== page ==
Verapamil Hope for Reversal of Type 1 Diabetes

Pam Harrison

November 06, 2014

A first-of-its kind trial in patients with type 1 diabetes is scheduled to get under way next year, in which researchers will try to reverse the disease process by attempting to increase beta-cell mass with the help of a common cardiovascular medication.

The team has already shown that verapamil, often used to control hypertension and arrhythmias, can not only prevent type 1 diabetes in mice but reverse severe established diabetes as well, the lead researcher, Dr Anath Shalev (University of Birmingham, Alabama [UAB]), told a live newscast this week.

The human trial, entitled, "The repurposing of verapamil as a beta-cell survival therapy in type 1 diabetes," is expected to begin early in 2015 after more than a decade of research suggests that verapamil may be able to downregulate a key promoter of type 1 diabetes and bolster whatever dysfunctional beta cells remain in the pancreas, said Dr Shalev.

The study will initially last a year.

"We…know that treatment definitely creates an environment where beta cells are allowed to survive, and their survival is a major factor in potentially improving insulin production, so our hope is that we'll see a similar effect in type 1 diabetes patients to what we have seen in our mice models."

From Bench to Bedside

Dr Shalev explained that over a decade ago, the UAB team was able to identify a protein called thioredoxin-interacting protein (TXNIP), which is dramatically increased in human islet cells in response to high glucose levels.

Since it's known that hyperglycemia is toxic to beta cells, "we hypothesized that TXNIP might be involved in beta-cell death associated with diabetes."

It is thus "highly conceivable" that even short-term postprandial glucose excursions — as are often seen in prediabetes — may lead to a gradual, cumulative increase in TXNIP expression before any onset of overt diabetes, she observes.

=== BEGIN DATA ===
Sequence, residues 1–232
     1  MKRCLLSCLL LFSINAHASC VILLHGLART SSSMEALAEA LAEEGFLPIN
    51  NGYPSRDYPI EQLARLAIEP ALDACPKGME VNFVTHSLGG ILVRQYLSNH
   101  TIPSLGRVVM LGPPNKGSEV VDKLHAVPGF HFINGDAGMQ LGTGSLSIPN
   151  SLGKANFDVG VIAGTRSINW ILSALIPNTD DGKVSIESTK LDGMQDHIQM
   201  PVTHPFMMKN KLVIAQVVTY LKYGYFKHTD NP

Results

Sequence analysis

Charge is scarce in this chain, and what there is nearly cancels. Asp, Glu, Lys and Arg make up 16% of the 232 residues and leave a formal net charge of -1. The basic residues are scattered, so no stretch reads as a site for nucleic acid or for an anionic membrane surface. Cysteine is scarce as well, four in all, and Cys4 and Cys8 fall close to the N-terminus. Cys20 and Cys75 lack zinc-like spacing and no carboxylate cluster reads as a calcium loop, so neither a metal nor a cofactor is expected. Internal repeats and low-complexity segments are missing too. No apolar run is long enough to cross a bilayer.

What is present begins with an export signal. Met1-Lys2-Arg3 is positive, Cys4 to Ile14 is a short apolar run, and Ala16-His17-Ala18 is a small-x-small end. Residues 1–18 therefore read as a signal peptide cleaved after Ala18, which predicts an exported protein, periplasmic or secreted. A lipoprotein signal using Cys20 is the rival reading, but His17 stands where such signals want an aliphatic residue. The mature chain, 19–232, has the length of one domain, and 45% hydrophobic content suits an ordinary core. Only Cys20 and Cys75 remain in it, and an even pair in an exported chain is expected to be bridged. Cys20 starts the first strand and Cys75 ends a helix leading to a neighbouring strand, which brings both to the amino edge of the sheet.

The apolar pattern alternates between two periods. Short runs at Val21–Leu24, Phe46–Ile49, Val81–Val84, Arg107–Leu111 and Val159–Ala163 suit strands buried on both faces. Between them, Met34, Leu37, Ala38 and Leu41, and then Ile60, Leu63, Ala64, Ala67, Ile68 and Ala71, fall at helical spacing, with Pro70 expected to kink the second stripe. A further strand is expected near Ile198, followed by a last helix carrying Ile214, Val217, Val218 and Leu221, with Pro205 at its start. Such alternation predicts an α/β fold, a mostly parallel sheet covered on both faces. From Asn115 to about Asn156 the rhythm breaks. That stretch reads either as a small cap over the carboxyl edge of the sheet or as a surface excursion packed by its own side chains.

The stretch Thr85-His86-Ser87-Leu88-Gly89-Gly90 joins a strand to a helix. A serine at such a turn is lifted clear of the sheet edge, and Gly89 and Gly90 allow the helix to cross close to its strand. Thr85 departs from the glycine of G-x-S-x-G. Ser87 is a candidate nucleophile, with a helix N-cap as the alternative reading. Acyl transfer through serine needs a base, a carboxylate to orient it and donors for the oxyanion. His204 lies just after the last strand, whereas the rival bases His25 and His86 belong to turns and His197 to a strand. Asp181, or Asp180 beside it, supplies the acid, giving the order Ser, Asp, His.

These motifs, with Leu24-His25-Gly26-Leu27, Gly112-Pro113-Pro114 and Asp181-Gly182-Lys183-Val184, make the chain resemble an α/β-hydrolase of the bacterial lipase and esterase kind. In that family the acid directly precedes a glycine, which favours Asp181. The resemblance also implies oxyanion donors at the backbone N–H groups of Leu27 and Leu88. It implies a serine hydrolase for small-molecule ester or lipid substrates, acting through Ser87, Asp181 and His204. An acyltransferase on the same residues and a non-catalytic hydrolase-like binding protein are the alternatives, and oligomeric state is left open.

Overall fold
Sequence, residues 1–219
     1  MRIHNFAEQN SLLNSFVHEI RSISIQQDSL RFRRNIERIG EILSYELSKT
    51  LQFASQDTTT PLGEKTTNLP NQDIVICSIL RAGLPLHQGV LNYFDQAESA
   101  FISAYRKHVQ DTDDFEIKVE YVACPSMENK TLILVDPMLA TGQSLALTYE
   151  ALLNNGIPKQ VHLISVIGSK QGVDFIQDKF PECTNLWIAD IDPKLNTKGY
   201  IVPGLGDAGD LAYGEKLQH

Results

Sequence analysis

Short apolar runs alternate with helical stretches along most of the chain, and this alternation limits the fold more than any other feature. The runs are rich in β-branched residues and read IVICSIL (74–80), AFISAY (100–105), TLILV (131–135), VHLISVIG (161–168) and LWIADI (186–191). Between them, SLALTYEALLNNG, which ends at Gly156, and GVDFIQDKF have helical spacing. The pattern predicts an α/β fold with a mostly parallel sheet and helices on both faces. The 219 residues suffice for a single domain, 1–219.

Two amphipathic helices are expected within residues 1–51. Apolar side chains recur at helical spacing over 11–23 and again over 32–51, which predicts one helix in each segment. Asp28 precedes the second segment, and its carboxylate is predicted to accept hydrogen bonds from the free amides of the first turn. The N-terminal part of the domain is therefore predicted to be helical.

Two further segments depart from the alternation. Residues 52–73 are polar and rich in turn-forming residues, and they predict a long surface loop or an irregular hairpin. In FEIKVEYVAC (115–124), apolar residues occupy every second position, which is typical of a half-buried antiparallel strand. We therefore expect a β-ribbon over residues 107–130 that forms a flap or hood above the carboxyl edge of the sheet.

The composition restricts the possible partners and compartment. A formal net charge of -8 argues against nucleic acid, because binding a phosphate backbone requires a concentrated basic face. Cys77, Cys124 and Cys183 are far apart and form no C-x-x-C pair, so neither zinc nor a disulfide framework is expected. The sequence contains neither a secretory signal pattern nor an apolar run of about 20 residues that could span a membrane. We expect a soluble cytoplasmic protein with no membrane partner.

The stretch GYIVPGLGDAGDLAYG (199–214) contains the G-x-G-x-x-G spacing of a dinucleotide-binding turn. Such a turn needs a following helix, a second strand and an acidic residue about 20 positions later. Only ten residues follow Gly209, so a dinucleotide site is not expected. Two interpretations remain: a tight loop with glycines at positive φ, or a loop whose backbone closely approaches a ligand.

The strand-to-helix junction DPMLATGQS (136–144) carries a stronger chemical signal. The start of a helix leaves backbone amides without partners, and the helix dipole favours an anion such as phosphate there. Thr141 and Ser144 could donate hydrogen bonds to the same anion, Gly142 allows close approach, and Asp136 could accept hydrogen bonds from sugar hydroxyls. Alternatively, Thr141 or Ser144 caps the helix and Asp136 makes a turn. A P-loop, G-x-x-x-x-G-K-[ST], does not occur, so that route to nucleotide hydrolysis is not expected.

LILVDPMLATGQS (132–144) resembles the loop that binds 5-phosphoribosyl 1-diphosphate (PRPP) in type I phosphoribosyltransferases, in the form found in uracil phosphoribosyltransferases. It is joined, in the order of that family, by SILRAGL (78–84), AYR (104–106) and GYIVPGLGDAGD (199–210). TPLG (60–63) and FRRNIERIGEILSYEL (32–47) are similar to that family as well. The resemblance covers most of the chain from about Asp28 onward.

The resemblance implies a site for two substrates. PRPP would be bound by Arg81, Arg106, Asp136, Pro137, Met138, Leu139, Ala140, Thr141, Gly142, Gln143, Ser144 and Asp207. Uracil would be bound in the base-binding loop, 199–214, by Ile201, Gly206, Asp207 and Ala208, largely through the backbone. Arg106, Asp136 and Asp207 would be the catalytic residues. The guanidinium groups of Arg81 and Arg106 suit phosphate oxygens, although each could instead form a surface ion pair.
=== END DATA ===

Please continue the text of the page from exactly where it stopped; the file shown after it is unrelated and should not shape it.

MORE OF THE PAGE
Furthermore, insulin resistance or any increased demand on the beta cell may also lead to elevated beta-cell TXNIP levels.

The team subsequently went on to demonstrate that TXNIP does indeed induce beta-cell death by apoptosis: in mice models in which TXNIP had been genetically deleted, for example, the animals were completely protected against diabetes.

The next step was to identify a drug that could provide pharmacological inhibition of TXNIP.

Reduction of intracellular calcium inhibits the transcription and expression of TXNIP, the team discovered, so by using the calcium-channel blocker verapamil to do this, they were able to mimic the effects of genetically deleted TXNIP in mice and preserve the insulin-producing beta cells.

"Even after the animals had developed full-blown diabetes with high blood sugar levels, when we started treating them with verapamil, blood sugars normalized, and this was due to the reappearance and normalization of insulin-producing beta cells," Dr Shalev explained.

"With that, we had proof of principle that inhibition of TXNIP with verapamil could serve as a very attractive target to promote the body's own insulin-producing beta-cell mass."

Moving these findings from "bench-to-bedside," Dr Shalev said, the researchers are planning to enroll 52 patients between the ages of 19 and 45 in the study, ideally within 3 months of being diagnosed with type 1 diabetes.

They will be randomized to either verapamil or placebo and will be treated for 1 year while continuing with insulin-pump therapy and employing continuous glucose monitoring.

However, she noted, "We're not expecting any miracles with this study, since we will  be treating patients for only 1 year, and we know that for any intervention to create an environment conducive to beta-cell survival or even regeneration after such a large number of beta cells have died will take a long time."

The human study is being funded by JDRF, the largest charitable support of type 1 diabetes research. Dr Shalev reports she has no relevant financial relationships.

Mol Endocrinol. 2014:28:1211-1220. Article


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